Gas leak causes death on Indian Naval ship
[20/07/16] A sailor and a civilian contractor were killed and two others injured by a toxic gas leak during maintenance work during the first refit of the INS Vikramaditya in June 2016.
Work was taking place in the sewage treatment plant compartment of the ship at the time. This is where waste from toilets and urinals is treated before it is discharged into the sea. The waste is aerated with fresh air which decomposes the waste. However, if air is not present, anaerobic bacteria are formed, which produce toxic gases including hydrogen sulphide (H2S).
Hydrogen sulphide is produced when sewage breaks down. It is colourless and highly flammable The gas has a distinctive “rotten egg” smell at low levels (0.01-1.5ppm), but you can lose your ability to smell the gas at higher concentrations (from about 100-150ppm).
At low concentrations the gas causes irritation of the eyes, nose and respiratory system, but at higher concentrations the gas can cause difficulty breathing, shock, coma and death. At 700-1000ppm, death can occur within minutes.
The Navy ordered an inquiry into the incident and action was taken to ensure that the sewage treatment plant was made safe.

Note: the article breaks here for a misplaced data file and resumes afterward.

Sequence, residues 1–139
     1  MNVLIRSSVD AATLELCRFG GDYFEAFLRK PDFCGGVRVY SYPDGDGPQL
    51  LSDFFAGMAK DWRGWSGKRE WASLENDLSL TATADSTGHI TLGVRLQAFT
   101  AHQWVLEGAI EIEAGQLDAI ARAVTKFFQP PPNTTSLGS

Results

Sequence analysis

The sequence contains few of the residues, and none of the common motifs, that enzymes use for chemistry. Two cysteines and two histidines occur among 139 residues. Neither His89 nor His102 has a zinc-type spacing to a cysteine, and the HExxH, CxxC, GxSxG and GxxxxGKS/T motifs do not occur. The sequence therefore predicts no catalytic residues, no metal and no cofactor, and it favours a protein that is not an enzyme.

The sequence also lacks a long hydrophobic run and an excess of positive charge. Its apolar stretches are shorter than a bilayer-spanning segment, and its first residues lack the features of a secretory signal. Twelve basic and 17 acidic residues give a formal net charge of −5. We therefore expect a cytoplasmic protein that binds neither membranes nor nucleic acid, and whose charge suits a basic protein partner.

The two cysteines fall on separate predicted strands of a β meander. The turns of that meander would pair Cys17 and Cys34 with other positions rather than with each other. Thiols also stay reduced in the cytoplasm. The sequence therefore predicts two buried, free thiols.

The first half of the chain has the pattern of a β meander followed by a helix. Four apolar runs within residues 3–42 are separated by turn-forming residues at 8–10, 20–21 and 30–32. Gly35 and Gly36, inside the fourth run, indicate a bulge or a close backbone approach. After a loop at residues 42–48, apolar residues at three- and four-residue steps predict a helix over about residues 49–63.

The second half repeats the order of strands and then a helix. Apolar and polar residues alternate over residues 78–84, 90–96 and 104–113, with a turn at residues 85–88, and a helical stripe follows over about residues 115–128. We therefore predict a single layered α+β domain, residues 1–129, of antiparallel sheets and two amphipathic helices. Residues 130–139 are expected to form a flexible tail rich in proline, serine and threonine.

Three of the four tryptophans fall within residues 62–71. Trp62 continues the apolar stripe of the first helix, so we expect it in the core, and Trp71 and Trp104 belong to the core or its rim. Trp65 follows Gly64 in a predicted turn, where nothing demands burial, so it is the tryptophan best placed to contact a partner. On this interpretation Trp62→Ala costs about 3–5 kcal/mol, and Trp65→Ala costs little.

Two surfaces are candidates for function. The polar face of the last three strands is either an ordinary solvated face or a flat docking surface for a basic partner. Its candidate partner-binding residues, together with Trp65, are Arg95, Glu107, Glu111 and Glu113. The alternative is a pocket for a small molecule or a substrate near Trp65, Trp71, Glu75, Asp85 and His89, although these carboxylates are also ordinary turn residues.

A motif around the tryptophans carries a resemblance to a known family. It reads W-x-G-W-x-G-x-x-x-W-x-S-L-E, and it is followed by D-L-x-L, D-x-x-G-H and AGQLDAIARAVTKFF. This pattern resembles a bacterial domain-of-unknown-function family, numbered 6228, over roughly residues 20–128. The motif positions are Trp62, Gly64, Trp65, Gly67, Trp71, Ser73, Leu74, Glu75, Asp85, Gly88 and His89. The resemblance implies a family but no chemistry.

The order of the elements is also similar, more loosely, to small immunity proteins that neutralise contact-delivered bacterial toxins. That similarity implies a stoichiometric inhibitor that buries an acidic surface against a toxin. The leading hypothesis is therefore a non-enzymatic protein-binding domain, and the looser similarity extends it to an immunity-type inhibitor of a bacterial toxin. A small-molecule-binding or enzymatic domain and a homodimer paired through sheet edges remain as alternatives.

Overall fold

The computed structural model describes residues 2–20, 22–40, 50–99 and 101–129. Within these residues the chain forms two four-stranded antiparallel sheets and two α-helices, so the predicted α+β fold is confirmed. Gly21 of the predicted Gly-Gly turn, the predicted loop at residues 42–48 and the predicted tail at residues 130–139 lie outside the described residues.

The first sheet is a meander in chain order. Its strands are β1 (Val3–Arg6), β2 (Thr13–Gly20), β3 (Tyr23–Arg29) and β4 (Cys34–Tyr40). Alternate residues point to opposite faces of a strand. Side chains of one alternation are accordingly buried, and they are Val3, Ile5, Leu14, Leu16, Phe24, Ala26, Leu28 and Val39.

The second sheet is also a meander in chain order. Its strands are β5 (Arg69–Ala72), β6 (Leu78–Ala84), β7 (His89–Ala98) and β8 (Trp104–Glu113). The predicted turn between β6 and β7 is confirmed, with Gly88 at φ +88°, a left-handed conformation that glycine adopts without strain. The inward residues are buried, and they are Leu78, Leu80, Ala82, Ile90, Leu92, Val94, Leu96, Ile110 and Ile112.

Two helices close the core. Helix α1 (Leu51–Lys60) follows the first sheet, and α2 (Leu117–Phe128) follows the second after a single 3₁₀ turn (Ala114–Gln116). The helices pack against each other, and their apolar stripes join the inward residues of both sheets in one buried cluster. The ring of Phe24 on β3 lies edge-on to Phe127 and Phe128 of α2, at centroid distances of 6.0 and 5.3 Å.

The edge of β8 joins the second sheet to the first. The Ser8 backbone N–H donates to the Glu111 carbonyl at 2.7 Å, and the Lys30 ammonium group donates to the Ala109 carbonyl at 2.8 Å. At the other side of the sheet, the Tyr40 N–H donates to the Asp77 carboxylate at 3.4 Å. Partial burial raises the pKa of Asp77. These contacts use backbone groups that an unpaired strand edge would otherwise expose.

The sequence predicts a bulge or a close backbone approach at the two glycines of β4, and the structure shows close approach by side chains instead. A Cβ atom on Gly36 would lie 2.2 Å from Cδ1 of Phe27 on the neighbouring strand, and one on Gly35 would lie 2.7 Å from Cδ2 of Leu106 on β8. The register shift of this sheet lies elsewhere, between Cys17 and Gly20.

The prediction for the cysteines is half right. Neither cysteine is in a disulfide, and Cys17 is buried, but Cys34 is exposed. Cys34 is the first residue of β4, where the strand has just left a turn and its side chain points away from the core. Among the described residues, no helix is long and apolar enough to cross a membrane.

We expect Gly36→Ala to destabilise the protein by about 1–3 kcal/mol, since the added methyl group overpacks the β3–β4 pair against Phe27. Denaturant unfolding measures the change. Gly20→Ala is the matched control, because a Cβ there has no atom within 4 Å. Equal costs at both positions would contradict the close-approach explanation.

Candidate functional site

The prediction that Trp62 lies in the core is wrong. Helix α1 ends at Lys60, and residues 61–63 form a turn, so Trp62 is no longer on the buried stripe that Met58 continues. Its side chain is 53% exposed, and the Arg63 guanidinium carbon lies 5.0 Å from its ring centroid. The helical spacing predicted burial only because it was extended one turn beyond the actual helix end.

INS Vikramaditya is India’s largest Naval Ship, joining the fleet in 2013. The aircraft carrier was built by the Russian Navy until it was decommissioned and purchased by the Indian Navy.
This is the third-high profile Indian Naval accident to take place in 2016. In April a sailor lost his leg and two others were injured when an oxygen cylinder exploded on INS Nireekshak. In March, a fire broke out on INS Viraat which resulted in the death of an Engineer Mechanic.
Incidents involving hydrogen sulphide have happened to other naval fleets. In 1981, a sailor aboard the Australian Tobruk was killed following a leak. In 1985, the Stalwart had an incident where three people died and sixty were injured. In 2006, four sailors on a training exercise aboard the Maitland were gassed. Although they all survived, one sailor was discharged from service due to ill health.
Incidents are not limited to naval fleets either. In 2005 a leak of hydrogen sulphide killed three employees when they tried to repair a leaking pipe on a Royal Caribbean Cruise.